Medlin Law Firm December 2018

The Medl in News

DECEMBER 2018

While Christmases during college would be a welcomed break from my studies, few holidays could hold a candle to these mountainside getaways. But as with most things, I’ve found that becoming a father has brought a lot of the magic back to the season. It certainly is nice having Santa Claus visit our house again. When I was a boy, old Kris Kringle was kind enough to bring me a shiny, new five-speed Stingray Fastback that was metallic green and had a banana seat. They just don’t make bikes like that anymore. Maybe I should get in touch with the north pole. At the time of writing, my daughter is dead set on what she wants for Christmas. She’d like her very own puppy. Now, dogs are a big responsibility, and she’d have to learn to take care of it, but I’ve got a feeling that Santa’s going to make this wish come true. The other joy that comes with having a daughter old enough to understand the joys of Christmas is that we can start making our own holiday trips as a family. Last year, we managed to go out east for the classic experience of spending Christmas in NewYork. While there was no snow to speak of, seeing Rockefeller Plaza and the many shops and restaurants all lit up against the winter gloom was quite the experience. Maybe we’ll take our daughter to the mountains in a few years and give her her first skiing lessons. For now, we’re just happy to have a peaceful Christmas at home with family. Whether you’re spending the holidays here in Texas or traveling farther afield, I hope you and your family have a safe and wonderful end of the year.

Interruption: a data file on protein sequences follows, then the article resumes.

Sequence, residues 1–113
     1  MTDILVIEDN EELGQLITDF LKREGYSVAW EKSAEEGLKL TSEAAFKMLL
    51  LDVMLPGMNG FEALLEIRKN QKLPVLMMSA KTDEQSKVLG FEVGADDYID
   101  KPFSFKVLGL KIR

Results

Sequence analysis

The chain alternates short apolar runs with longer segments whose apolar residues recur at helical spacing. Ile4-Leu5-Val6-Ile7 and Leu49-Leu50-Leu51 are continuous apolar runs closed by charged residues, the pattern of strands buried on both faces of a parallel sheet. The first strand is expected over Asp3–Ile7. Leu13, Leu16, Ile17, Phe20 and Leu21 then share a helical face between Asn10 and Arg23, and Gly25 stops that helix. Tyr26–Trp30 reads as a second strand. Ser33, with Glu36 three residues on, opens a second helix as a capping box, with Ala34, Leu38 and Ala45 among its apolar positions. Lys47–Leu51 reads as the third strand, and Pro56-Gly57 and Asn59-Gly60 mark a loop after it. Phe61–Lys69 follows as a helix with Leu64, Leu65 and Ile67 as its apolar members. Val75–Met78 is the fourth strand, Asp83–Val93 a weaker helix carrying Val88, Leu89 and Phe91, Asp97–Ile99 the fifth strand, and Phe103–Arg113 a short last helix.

CHRISTMASES PAST AND FUTURE

The Magic of the Season

Holiday music on the radio has a way of bringing back vivid memories of Christmases past. For me, this is especially true of any song about snowfall and winter wonderlands. While my childhood in Dallas certainly didn’t include any blizzards, my family’s ski trips gave my sisters and me plenty of white Christmases.

From the time I was in junior high until my college years, our family would spend Christmas at a ski resort nestled in the snowy mountains of New Mexico. I loved skiing and used to do slalom and super-G racing, if you can believe it. My body is sore just remembering those downhill runs, but they were good times. What made those trips really special was the time spent with family in the wilderness. Every year, my dad, my sisters, and I would set out with an ax — and the proper paperwork — to chop down our own Christmas tree. Bounding around in our snowshoes, we’d spend about two hours looking for the perfect candidate and then drag it back to our cabin. Those trees were always so fresh that the needles wouldn’t even fall off.

Happy Holidays,

– Gary L. Medlin, Esq.

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